Date on Master's Thesis/Doctoral Dissertation


Document Type

Doctoral Dissertation

Degree Name

Ph. D.


Microbiology and Immunology

Degree Program

Microbiology and Immunology, PhD

Committee Chair

Warawa, Jonathan

Committee Co-Chair (if applicable)

Lawrenz, Matthew

Committee Member

Lawrenz, Matthew

Committee Member

Graham, James

Committee Member

Kosiewicz, Michele

Committee Member

Scott, David

Author's Keywords

Klebsiella pneumoniae; sequencing; bioluminescence; optical diagnostic imaging; therapeutics; virulence determinants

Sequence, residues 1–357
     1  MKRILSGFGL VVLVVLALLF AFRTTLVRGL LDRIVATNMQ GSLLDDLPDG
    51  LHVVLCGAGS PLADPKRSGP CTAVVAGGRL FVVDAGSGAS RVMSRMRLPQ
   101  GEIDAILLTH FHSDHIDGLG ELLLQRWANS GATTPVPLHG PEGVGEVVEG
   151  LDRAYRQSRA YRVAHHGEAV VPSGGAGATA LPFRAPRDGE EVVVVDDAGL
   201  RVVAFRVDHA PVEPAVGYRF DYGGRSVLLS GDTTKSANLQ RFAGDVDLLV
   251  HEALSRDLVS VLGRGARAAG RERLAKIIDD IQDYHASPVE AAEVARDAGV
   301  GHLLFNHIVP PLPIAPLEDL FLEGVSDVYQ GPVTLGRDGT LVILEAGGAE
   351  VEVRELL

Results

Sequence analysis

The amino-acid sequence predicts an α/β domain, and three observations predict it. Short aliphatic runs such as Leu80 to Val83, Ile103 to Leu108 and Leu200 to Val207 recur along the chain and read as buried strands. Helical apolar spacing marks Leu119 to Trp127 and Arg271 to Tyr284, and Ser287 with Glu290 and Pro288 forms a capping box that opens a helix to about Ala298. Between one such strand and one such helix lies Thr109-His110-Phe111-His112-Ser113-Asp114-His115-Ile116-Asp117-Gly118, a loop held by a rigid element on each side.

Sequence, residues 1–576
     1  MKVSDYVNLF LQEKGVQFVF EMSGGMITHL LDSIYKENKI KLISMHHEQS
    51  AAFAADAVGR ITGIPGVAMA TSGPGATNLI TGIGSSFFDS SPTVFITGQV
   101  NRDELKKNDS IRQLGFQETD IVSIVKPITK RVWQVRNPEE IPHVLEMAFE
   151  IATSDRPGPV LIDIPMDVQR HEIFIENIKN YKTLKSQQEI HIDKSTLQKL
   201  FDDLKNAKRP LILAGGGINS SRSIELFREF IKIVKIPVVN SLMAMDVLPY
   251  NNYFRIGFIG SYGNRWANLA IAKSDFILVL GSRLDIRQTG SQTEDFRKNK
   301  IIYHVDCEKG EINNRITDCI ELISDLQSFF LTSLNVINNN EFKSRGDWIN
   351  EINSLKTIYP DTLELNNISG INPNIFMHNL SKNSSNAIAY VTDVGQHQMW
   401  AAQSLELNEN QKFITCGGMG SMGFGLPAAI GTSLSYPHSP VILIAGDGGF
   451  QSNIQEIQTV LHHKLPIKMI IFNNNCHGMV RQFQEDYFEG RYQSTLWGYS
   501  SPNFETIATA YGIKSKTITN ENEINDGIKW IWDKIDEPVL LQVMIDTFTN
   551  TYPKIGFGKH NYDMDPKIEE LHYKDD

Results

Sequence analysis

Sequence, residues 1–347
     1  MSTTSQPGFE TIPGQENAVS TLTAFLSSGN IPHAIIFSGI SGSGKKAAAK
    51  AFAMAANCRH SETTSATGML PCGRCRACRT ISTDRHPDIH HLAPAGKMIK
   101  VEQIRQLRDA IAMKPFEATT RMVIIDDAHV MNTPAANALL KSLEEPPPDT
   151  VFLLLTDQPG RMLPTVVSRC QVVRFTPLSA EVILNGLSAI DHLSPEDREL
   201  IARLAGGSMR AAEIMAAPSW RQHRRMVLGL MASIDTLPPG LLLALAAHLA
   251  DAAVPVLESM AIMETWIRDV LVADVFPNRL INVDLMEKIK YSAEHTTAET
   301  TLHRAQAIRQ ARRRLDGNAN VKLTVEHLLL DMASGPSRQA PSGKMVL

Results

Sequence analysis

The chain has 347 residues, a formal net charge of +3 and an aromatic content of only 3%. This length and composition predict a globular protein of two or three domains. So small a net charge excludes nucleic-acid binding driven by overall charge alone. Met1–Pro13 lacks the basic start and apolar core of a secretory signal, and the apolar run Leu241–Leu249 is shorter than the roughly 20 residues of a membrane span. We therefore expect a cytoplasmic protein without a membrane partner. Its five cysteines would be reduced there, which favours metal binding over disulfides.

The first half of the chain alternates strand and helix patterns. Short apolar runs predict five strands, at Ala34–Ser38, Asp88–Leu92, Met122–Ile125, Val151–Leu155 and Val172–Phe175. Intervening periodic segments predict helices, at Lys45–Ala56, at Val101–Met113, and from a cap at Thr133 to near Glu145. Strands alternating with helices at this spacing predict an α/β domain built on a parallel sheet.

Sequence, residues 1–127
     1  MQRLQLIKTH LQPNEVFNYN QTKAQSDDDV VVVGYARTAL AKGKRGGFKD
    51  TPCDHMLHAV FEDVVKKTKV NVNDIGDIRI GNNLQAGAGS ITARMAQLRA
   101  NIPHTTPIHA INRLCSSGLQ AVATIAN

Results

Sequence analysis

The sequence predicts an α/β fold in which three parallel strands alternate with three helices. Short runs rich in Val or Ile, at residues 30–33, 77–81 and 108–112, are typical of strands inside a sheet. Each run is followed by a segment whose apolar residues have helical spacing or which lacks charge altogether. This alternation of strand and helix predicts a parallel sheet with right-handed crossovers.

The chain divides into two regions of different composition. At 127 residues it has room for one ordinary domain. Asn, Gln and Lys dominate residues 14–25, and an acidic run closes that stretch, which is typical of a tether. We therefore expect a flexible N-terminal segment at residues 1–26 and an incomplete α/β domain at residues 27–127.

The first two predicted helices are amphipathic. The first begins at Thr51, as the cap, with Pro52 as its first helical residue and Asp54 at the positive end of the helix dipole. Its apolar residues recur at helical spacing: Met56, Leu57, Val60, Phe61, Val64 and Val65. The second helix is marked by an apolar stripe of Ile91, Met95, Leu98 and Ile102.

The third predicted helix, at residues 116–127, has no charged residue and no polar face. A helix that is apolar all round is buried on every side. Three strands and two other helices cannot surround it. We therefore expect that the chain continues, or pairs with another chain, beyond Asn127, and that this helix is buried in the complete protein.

Klebsiella pneumoniae causes an acute respiratory infection in human with severe outcomes and high mortality rates even with antibiotic treatment. Even with its critical clinical importance, few virulence systems have been identified for K. pneumoniae limiting the development of new therapeutic strategies. Accordingly, we performed Next Generation sequencing for the strain ATCC 43816, a virulent strain in mouse respiratory disease models, and compared its genomic data with two previously sequenced strains NTUH-K2044 and MGH 78578 for the purpose of identifying genes required for colonizing host lungs. Furthermore, the virulence potential of the three K. pneumoniae strains were tested in a mouse model of pulmonary disease uniquely generated by our group to insure the specific delivery of an inoculum into host lungs allowing for studying diseases associated specifically with the lower respiratory tract. To monitor disease progression noninvasively, a bioluminescent K. pneumoniae strain was engineered which allowed for monitoring meropenem therapeutic efficacy against the bacteria in real time. A transposon mutant library was generated in the bioluminescent strain and introduced into mice lungs in order identify critical fitness factors required by K. pneumoniae to survive the selective pressure of host lung. The attenuation of known and potential virulence factors, including capsular polysaccharide (CPS) and type 6 secretion systems (T6SSs), were tested in our lung-specific murine model of respiratory disease. Similar to previous findings, manC capsule mutant was attenuated in our lung-specific disease model whereas for the vgrG T6SSs mutants, only cluster one illustrated some potential attenuation in the host, and future studies will be conducted to confirm these outcomes. K. pneumoniae is thought to be an extracellular pathogen but we have provided the first evidence suggesting that this dogma might not be entirely true by demonstrating the capability of the bacteria to proliferate within cultured macrophages in addition to the ability of a subpopulation of K. pneumoniae to become intracellular within mice lungs. Further studies will need to be conducted to identify the role(s) of the intracellular lifestyle for K. pneumoniae during the pulmonary disease.